By : Neill Malcolm Harris
November 10, 2015 01:30 PM
ATM fees in the US are at record highs, having risen by 20 percent in the last five years, according to a new survey showing consumers are paying more to use checking accounts.
Across America, fees are rising fast - the average fee for using an out-of-network ATM has climbed four percent to $4.52 per transaction, according to Bankrate.com. This breaks down to an average of $2.88 charged by the ATM owner to let non-customers use it, and $1.64 charged by the issuing bank.
So what is the purpose of these fees?
It’s true that ATM fees can be a useful revenue stream for banks. Figures from SNL Financial show the five largest US banks made $283 million in ATM fees in the second quarter of 2015. But could they also be damaging in the long run?
ATM fees can help deployment by making them cost-effective for the bank to install a machine in a particular location. However, bank customers want to be able to withdraw money without being charged to do so.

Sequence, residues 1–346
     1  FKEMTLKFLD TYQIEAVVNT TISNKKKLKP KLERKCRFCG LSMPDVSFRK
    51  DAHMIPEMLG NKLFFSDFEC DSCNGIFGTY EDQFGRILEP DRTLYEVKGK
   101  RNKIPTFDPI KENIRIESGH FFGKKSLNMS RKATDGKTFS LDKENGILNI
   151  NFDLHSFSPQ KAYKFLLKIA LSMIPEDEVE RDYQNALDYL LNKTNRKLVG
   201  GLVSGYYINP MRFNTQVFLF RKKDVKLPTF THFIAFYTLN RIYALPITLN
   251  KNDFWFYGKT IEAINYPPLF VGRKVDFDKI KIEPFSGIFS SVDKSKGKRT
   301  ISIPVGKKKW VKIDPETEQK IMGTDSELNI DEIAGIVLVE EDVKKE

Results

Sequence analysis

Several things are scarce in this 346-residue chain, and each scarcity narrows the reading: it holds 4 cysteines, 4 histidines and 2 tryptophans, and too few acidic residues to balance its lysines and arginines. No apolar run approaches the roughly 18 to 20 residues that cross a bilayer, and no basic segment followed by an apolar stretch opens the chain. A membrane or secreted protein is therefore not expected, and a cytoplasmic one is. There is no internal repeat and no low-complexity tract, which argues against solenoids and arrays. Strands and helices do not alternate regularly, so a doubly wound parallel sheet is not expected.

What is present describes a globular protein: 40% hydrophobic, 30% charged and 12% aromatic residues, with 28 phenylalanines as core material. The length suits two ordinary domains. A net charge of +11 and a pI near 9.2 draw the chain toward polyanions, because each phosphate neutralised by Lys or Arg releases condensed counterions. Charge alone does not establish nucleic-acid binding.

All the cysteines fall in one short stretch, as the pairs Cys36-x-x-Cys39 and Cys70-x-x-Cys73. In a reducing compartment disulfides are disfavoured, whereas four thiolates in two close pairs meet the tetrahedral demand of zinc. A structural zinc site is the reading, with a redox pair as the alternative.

ATM Marketplace’s ATM Future Trends 2015 report found nearly half of American consumers say access to a fee-free ATM is “essential,” with a further 37 percent saying that it’s “very important.”
Bankrate.com chief financial analyst Greg McBride argues that all checking account fees - from ATM withdrawals and overdraft charges - are avoidable. However, banks are increasingly charging upfront checking account fees.
The number of financial institutions offering genuinely free checking accounts has never been lower. Tom Feltner, director of financial services for the Consumer Federation of America, believes that the increase in monthly fees for checking accounts is ultimately a good thing.
“Low upfront, transparent monthly fees are much clearer than those accounts that are advertised as free but have highly variable back-end fees like ATM fees and overdrafts,” he told Bankrate.com as part of the survey.
Fees are always a balancing act. But if issuers are imposing more upfront fees, ATM owners may need to consider their pricing strategy as the combination of high account fees and ATM fees could start to be a bigger consideration for consumers.